Voltage Division Rule – Explanation, Formula & Derivation

What is Voltage Division Rule?

Voltage Division Rule states that the total voltage applied across a series connection of multiple resistors is divided among the resistors in proportional to their resistance.  This means, the voltage drop will be maximum across the resistor having maximum value of resistance. Likewise, it will be minimum for resistor having lowest value of resistance.

Voltage Division Rule basically tells us about the voltage drop across individual resistance in a series connected resistance. This rule is applicable for AC and DC circuit. However, while applying this rule in AC circuit, impedance value should be considered instead of resistance value due to obvious reason.


Let us consider the circuit below for better understanding. The circuit represents series connection of three resistors R1, R2 and R3. The voltage across the terminals x-y is assumed V.


We want to find the voltage drop each of the resistances. Let VR1, VR2 & VR3 be the voltage drop across resistance R1, R2 and R3 respectively.

As per the statement of Voltage Division Rule, VR1, VR2 & VR3 should be proportional to R1, R2 and R3 respectively. Therefore, we can write

VR1 = K R1 …….(1)

VR2 = K R2 …….(2)

VR3 = K R3 …….(3)

But, total voltage V across terminal x-y must be equal to the sum of voltage drop across each of the resistances. Hence, we can write,

V = VR1 + VR2 + VR3

Putting the value of VR1, VR2 & VR3 from (1), (2) and (3), we get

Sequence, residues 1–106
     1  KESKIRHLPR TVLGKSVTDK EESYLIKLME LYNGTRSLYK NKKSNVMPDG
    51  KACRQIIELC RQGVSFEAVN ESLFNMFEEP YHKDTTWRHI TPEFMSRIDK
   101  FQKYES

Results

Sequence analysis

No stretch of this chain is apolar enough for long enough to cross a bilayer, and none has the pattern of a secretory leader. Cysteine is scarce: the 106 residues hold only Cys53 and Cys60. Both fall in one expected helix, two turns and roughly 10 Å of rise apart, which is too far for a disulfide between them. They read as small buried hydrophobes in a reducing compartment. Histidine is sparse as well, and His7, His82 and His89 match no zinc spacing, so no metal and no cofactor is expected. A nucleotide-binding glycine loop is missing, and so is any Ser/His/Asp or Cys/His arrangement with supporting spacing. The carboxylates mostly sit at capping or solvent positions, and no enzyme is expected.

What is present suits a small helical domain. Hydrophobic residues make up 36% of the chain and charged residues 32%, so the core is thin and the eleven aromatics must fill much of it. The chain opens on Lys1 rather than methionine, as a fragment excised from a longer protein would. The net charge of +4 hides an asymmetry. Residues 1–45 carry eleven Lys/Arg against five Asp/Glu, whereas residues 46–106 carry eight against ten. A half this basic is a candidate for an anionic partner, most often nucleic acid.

V = K (R1+ R2+ R3)

K = V / (R1+ R2+ R3)

Using (1), (2) and (3) we can find the voltage distribution across the individual resistance as shown below.

VR1 = V[ R1 / (R1+ R2+ R3)]

VR2 = V[ R2 / (R1+ R2+ R3)]

VR3 = V[ R3 / (R1+ R2+ R3)]

Though the above voltage distribution has been calculated assuming three number of resistors connected in series, the method is applicable for “n” number of series connected resistances in DC circuit and impedance in AC circuit.

Voltage Division Rule Formula:

The formula for voltage division rule for “n” number of series connected resistance is given below.

VR1 = V[ R1 / (R1+ R2+ R3+……+ Rn)]

VR2 = V[ R2 / (R1+ R2+ R3+……+ Rn)]



VRn = V[ Rn / (R1+ R2+ R3+……+ Rn)]

Carefully observe the above formula. You will notice that, if we want to find voltage across any one of the resistances (say R1), the total voltage (V) is multiplied with the ratio of another resistance (R1) & total resistance (R1+ R2+ R3+……+ Rn).


When a series combination of “n” number of resistances or impedances are connected to a source, the source voltage gets distributed among the resistances in such a way that the voltage drop across each of the resistance is in proportion with value of resistance. This is because, the current through all the resistance is equal (I) and hence voltage drop (V = IR) is only proportional to resistance.

Let us again consider the circuit shown earlier in the post. The voltage V impressed across the resistance is divided among the resistances. Current “I” is flowing in the circuit.


VR1 = IR1 …….(4)

VR2 = IR2 …….(5)

VR3 = IR3 …….(6)

Compare the information (3), (4) and (5) with information (1), (2) and (3) respectively. You will notice that, the proportionality constant “K” is the current “I” flowing in the circuit. Now, you may find the voltage VR1, VR2 & VR3 in the same fashion as calculated earlier in the post.

Since, V = VR1 + VR2 + VR3


V = I (R1+ R2+ R3)

I= V / (R1+ R2+ R3)

Using (4), (5) and (6) we can find the voltage distribution across the individual resistance as shown below.

VR1 = V[ R1 / (R1+ R2+ R3)]

VR2 = V[ R2 / (R1+ R2+ R3)]

VR3 = V[ R3 / (R1+ R2+ R3)]

Thus, you can see that the result is same. Hope your concept is clear now. In case, you have any doubt/feedback, kindly write in comment box.

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